As CBC reports, Agriculture minister Gerry Ritz couldn't stop himself from cracking extremely tasteless jokes on a conference call about the emerging listeriosis crisis in August. Yet another compassionate Conservative at work:
Sources who took notes during the call said Ritz fretted about the political dangers of the crisis, before quipping: "This is like a death by a thousand cuts. Or should I say cold cuts."
The outbreak has been linked to deli meats processed at a Maple Leaf Foods plant in Toronto.
When told about a new death in Prince Edward Island, Ritz said: "Please tell me it's [Liberal MP] Wayne Easter."
Easter is the Liberal critic shadowing Ritz's agriculture department.
About 30 people participated in the Sunday morning conference call that began after 10 a.m. ET. Participants included scientists, senior bureaucrats and political staff.
After this episode was revealed he was forced to apologize, saying it was "a highly stressful time". The next cliché we should be hearing from the Conservative party is that Ritz has decided to permanently "spend more time with his family".
Wayne Easter, not impressed by Ritz's apology, has (again) called for Ritz to resign:
“I don't care what he said about me, but 17 people have died. That is no joking matter,” said Mr. Easter.
Meanwhile, the Maple Leaf plant involved reopened today. I imagine the lawsuits filed against the company will take years to sort out.
As of yesterday, 47 people in seven provinces have become ill with listeriosis linked to tainted Maple Leaf meat, including 17 who have died.
On Tuesday, the Canadian Medical Association called for a public inquiry:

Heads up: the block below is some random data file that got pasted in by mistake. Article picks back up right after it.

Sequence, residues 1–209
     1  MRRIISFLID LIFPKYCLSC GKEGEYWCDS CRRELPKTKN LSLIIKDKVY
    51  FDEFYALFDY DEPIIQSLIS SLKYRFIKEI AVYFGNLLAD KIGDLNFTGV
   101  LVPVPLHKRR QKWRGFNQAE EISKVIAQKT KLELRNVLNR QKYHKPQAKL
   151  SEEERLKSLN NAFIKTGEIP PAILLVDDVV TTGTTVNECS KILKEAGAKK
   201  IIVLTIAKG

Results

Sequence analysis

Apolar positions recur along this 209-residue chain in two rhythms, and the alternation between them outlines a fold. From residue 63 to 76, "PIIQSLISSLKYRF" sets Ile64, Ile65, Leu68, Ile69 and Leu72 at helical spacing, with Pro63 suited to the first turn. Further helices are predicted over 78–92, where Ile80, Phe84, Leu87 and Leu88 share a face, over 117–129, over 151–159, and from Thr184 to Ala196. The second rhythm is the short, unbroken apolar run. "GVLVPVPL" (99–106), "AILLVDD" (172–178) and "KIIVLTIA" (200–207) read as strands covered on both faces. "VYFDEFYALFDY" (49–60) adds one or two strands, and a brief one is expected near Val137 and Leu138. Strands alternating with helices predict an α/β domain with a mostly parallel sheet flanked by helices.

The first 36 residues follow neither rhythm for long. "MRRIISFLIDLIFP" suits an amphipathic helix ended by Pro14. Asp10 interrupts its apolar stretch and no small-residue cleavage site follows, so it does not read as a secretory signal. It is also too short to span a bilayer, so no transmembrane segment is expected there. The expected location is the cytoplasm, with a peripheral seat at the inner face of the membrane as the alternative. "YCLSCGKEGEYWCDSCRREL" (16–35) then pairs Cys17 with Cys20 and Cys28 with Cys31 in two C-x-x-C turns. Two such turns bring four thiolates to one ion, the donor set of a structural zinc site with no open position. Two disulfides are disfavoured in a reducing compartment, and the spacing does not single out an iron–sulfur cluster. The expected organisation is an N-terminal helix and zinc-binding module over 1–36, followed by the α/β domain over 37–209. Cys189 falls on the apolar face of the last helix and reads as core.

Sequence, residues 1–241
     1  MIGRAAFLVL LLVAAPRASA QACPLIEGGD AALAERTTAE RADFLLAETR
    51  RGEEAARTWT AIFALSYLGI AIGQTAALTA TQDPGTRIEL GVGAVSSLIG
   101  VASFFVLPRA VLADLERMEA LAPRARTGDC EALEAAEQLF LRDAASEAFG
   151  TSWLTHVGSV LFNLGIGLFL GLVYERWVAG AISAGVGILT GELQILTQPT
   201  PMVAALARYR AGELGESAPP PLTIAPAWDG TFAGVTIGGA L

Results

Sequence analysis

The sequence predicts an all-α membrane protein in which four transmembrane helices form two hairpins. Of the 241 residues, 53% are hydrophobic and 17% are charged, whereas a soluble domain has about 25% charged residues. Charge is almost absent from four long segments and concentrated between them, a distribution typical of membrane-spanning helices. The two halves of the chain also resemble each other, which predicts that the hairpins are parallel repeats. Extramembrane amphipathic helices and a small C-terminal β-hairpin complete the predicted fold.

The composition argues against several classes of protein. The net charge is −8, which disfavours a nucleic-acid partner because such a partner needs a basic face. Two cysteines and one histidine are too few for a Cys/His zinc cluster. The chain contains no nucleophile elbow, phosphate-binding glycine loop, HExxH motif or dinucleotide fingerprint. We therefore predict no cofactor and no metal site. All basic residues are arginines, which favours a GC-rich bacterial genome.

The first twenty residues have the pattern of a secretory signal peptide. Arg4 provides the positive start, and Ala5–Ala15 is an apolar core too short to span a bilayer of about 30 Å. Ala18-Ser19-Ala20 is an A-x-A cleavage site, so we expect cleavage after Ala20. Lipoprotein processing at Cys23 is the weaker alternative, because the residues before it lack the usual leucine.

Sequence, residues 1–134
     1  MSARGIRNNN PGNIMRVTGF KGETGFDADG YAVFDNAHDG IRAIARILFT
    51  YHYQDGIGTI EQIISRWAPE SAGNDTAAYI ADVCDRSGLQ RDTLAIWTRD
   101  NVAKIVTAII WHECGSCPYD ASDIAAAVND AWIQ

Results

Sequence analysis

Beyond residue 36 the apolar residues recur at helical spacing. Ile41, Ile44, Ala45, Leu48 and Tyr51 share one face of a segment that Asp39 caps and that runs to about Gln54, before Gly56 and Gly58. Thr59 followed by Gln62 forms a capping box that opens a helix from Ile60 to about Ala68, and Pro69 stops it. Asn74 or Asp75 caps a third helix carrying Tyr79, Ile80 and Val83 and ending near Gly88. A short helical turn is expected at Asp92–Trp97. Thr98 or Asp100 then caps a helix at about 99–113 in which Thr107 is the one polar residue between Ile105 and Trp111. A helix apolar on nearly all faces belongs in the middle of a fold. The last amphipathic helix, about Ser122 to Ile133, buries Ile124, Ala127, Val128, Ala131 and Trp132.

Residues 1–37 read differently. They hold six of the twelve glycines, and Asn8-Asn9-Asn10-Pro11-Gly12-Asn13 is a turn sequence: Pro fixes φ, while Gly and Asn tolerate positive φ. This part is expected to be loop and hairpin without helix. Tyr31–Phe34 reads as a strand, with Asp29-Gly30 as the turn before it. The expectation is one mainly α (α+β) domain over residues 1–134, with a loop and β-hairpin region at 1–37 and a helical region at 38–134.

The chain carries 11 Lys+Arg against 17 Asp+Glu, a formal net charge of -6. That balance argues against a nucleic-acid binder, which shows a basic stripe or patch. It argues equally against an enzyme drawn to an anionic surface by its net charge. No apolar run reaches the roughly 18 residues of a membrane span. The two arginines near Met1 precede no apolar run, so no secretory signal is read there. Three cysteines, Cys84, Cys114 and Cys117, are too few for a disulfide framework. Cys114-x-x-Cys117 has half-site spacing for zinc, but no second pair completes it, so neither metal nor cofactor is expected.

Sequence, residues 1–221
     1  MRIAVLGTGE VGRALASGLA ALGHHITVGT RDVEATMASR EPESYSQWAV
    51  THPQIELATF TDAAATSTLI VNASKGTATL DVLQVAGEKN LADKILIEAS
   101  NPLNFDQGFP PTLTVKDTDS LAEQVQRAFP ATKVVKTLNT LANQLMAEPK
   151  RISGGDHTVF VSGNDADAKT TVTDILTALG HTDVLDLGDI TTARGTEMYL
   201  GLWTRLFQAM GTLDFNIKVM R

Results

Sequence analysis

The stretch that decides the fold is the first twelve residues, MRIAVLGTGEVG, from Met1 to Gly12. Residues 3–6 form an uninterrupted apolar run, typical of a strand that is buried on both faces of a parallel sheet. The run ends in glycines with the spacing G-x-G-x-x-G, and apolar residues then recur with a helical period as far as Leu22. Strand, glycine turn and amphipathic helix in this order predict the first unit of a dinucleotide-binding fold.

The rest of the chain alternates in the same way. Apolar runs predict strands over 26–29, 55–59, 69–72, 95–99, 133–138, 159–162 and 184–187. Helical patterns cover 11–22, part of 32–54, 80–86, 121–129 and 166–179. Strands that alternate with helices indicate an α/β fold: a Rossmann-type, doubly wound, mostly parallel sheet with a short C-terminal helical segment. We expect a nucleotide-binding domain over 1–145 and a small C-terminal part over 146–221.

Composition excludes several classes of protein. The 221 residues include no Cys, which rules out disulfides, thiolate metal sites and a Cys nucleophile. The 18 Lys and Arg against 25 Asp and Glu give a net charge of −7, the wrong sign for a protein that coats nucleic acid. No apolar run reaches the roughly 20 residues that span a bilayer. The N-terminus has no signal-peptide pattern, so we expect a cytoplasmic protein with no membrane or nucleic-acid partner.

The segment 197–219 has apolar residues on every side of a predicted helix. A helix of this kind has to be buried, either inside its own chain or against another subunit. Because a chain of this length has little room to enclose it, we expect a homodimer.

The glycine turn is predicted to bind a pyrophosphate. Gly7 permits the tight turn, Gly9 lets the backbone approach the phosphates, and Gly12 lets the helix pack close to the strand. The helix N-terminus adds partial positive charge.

Canada's top medical journal is calling for a full-scale public inquiry into the listeriosis outbreak, saying the independent investigation promised by Prime Minister Stephen Harper will be "inferior to every epidemic inquiry in recent Canadian history."
The Canadian Medical Association Journal says that in August, Canada experienced the worst epidemic of listeriosis in the world.
"The fact is, this outbreak was 100-per-cent avoidable and unnecessary," says editorial board member Amir Attaran, Canada Research Chair in Law, Population Health and Global Development Policy at the University of Ottawa.
"If your food supply is safe and free of listeria, no one is going to get listeriosis out of eating the food. It's as simple as that."
The journal says the federal government's lax standards on listeria and a decision to transfer inspection duties for ready-to-eat meats from government inspectors to the meat industry "helped bring about this epidemic.
"Yet surprisingly, government has taken no remedial steps beyond issuing a food recall.
"Instead, officials praise the success of our infectious disease surveillance system - as if, with (16) dead, there were cause to celebrate - while food safety standards remain as low as ever."
"It is not a policy success to say we detected a bad food processing plant because there's the corpse that proves it," Attaran said in an interview.
Brutal but true.